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The EPA will have a hard time meeting a congressional mandate to boost oversight of toxic chemicals stored near water supplies, several people who work in water policy told Bloomberg Environment.
This could have both public health and worker safety implications for employees of water treatment plants who might be exposed to chemicals of unknown potency or health effects if they spill near a drinking water source.
Congress tasked the Environmental Protection Agency with evaluating the safety of thousands of substances in the 2016 update to the country’s toxic chemicals law. And within that statute, Congress said the agency had to prioritize chemicals stored near “significant sources of drinking water.”
In early 2019, the EPA has to start screening 40 chemicals and identify 20 for closer scrutiny by the end of that year.
Daniel Rosenberg, an attorney with the Natural Resources Defense Council who works on chemical issues, said there’s no evidence the agency has developed a method for determining what a significant source of drinking water is or whether a chemical is stored near one.
“The clock is ticking,” he told Bloomberg Environment. “They need to come forward with what their process is actually going to be and then start implementing it.”
The EPA declined a request from Bloomberg Environment to interview staffers within its Office of Pollution Prevention and Toxics, the main branch responsible for implementing the 2016 law (P.L. 114-182).
However, an EPA staffer told Bloomberg Environment in an email that the office is collaborating with the agency’s Office of Water to figure out how to comply with this part of the law.
That collaboration may not be as fruitful as the agency would hope.
Rita Schoeny, an environmental consultant who, until 2015, had worked in the EPA’s science and water offices for years, said the Office of Water might not have the data that the toxics branch is looking for.
The laws that govern drinking water quality are relatively agnostic toward water sourcing, she said. Instead, they mainly focus on ensuring that whatever impurities exist within those sources gets filtered out before it reaches faucets, she told Bloomberg Environment.
As a result, the EPA might not maintain data on which chemicals are stored near drinking water sources, or even of the location of drinking water sources themselves, she said.
The American Chemistry Council, a trade group that represents the manufacturers of many of these chemicals, did not respond to several inquiries from Bloomberg Environment for this story. Additionally, no responses came from the top U.S. chemical makers Bloomberg Environment contacted: DowDuPont, Honeywell, 3M and Monsanto’s parent company, Bayer.
A nightmare scenario for many water utilities is something along the lines of a spill that occurred in Charleston, W. Va., four years ago. Thousands of gallons of a coal processing chemical called MCHM leaked out of a storage tank and into the Elk River, just upstream from the intake pipe for one of the largest drinking water utilities in the state.
Water service was subsequently shut off for hundreds of thousands of residents in the Charleston area for nearly a week, partially because the health effects of exposure to MCHM were not known.
A spill like this would pose risks not only to residents drinking contaminated water but also to water utility workers at treatment plants who might be exposed.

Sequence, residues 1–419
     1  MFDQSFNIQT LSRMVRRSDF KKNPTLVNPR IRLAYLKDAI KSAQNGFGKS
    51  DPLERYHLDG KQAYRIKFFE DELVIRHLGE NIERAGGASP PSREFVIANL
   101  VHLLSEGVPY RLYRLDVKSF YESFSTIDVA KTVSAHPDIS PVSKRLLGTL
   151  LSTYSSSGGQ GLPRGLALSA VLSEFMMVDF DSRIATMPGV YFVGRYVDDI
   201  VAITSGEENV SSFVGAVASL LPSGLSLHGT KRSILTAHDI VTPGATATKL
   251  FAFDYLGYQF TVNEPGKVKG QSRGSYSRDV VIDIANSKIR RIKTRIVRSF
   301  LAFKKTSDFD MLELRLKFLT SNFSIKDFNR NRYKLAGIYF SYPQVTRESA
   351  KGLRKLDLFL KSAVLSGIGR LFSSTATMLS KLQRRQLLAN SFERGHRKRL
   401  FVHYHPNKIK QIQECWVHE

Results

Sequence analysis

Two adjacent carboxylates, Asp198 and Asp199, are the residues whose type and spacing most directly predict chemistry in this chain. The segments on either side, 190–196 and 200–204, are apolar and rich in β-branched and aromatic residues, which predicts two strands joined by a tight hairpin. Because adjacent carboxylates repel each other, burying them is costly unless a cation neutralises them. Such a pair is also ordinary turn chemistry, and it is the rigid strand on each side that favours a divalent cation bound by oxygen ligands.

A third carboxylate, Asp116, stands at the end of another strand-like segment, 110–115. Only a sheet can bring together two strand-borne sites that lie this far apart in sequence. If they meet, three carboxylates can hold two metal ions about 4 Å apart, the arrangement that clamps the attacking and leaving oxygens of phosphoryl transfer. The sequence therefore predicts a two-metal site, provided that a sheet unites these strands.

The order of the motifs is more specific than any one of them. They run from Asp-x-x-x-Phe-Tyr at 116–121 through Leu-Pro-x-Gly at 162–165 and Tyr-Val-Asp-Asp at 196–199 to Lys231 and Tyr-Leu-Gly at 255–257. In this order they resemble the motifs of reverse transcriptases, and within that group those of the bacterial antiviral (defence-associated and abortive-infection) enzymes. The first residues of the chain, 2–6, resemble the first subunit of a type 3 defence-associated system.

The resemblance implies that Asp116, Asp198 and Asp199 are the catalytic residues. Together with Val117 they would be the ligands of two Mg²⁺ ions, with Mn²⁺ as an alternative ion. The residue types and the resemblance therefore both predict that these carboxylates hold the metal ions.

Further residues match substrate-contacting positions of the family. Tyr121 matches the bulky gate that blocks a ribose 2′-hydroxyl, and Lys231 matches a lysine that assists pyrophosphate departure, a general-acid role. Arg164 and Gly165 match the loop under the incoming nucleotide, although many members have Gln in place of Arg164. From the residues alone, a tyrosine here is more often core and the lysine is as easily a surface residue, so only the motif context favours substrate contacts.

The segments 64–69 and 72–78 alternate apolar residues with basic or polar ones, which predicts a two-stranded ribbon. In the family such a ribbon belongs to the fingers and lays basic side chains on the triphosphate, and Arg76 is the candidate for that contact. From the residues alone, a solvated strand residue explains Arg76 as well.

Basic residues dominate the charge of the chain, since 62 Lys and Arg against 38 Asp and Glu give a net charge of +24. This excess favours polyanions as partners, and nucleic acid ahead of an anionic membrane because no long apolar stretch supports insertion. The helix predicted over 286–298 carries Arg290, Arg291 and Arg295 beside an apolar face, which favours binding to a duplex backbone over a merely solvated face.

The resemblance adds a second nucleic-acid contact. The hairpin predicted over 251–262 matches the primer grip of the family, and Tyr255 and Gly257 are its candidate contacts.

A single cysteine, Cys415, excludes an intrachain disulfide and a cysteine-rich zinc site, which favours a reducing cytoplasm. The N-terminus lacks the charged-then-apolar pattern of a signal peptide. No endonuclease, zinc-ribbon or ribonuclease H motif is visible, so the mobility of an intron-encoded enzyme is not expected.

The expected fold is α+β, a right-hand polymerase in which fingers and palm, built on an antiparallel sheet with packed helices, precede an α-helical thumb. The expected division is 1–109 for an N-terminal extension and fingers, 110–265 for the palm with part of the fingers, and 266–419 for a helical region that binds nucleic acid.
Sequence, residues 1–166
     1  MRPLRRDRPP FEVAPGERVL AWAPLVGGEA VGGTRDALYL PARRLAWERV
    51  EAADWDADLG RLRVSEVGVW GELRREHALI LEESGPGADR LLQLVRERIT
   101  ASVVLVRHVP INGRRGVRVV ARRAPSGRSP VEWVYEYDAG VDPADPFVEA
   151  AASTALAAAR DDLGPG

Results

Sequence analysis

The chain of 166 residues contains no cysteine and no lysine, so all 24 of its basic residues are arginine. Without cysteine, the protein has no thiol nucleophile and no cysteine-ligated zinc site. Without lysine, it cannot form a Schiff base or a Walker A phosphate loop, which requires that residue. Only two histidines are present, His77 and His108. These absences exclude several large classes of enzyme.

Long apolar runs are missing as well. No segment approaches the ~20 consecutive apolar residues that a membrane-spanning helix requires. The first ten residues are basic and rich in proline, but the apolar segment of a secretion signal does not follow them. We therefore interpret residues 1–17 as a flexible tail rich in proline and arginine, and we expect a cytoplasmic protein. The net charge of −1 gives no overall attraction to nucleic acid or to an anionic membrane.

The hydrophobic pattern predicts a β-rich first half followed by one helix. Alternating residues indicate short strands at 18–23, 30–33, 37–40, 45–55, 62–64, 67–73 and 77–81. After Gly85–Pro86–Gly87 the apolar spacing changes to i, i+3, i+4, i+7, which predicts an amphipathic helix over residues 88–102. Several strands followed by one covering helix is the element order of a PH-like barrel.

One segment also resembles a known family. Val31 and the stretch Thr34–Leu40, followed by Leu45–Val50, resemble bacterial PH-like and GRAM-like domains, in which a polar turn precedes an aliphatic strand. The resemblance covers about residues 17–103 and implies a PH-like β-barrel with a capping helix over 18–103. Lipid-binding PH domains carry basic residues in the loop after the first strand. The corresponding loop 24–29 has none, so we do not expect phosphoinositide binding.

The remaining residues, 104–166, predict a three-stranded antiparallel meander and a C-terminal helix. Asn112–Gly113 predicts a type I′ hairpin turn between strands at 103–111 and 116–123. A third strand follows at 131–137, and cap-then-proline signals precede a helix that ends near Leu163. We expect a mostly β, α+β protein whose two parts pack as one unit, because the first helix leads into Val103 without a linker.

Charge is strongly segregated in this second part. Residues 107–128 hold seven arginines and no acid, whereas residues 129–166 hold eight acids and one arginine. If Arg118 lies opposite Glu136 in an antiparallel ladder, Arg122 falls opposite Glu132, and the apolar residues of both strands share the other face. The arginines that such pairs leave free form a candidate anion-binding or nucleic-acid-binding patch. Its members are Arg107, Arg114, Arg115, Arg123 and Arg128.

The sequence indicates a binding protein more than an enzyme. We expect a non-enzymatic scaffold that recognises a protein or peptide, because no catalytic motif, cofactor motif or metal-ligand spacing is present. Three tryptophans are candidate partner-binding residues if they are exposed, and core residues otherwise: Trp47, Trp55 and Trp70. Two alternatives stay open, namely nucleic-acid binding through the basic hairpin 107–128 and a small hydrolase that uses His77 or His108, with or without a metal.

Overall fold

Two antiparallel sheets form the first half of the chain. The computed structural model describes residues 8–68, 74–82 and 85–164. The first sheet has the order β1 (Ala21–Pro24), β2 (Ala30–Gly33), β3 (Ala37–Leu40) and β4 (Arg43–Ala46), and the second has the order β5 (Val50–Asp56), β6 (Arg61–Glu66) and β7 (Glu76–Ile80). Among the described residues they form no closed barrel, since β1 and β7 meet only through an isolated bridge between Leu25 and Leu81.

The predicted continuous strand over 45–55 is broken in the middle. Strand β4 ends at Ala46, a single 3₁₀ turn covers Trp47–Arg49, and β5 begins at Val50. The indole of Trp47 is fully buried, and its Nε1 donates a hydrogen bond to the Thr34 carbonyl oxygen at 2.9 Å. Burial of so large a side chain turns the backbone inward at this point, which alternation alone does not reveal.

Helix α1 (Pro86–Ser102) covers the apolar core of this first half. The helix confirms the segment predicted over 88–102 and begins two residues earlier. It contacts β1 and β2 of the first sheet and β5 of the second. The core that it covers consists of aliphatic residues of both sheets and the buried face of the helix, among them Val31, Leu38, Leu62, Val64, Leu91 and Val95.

Lee Anderson, the head of government affairs with the Utility Workers Union of America, said some larger water utilities have compiled detailed information about what chemicals are stored upstream from their plants and have also developed plans for what to do in the event of a spill.
However, he said that may not be the case at the tens of thousands of smaller utilities across the country. Workers at these smaller facilities could use some help from the EPA to determine what chemicals are stored near them and what their risks are, he said.
“It would be valuable to have third-party research,” Anderson told Bloomberg Environment. “It would just be out there for a little municipality.”
The utilities themselves also want the EPA to get on board.
Wendi Wilkes, a regulatory analyst with the trade group American Water Works Association, said the agency has its work cut out for it because the language in the 2016 chemicals law was vague; it just says the EPA must prioritize chemicals stored “near significant sources of drinking water.”
“It might only be six or seven words but it can have a really big impact on protecting source water,” Wilkes told Bloomberg Environment.
The agency will have to define what “near” means in this context, she said. It will also have to determine whether this applies only to surface water or whether groundwater, the drinking water source for nearly a third of Americans, is covered too, she said.
If groundwater is included, Wilkes said, that opens the possibility that the agency’s toxics office will have to do a full safety evaluation of perfluorinated chemicals, a class of persistent and potentially toxic substances used in firefighting foam, consumer products, and industrial applications that have contaminated groundwater across the country.
However, Wilkes said she hopes the EPA looks beyond these chemicals—which have already been identified as a threat—and finds others stored near drinking water sources that aren’t on anyone’s radar.
“We want to be a voice saying ‘Hey, don’t forget about this,’” she said. “That’s encouraging to hear they’re thinking about the nexus” between chemicals and drinking water.
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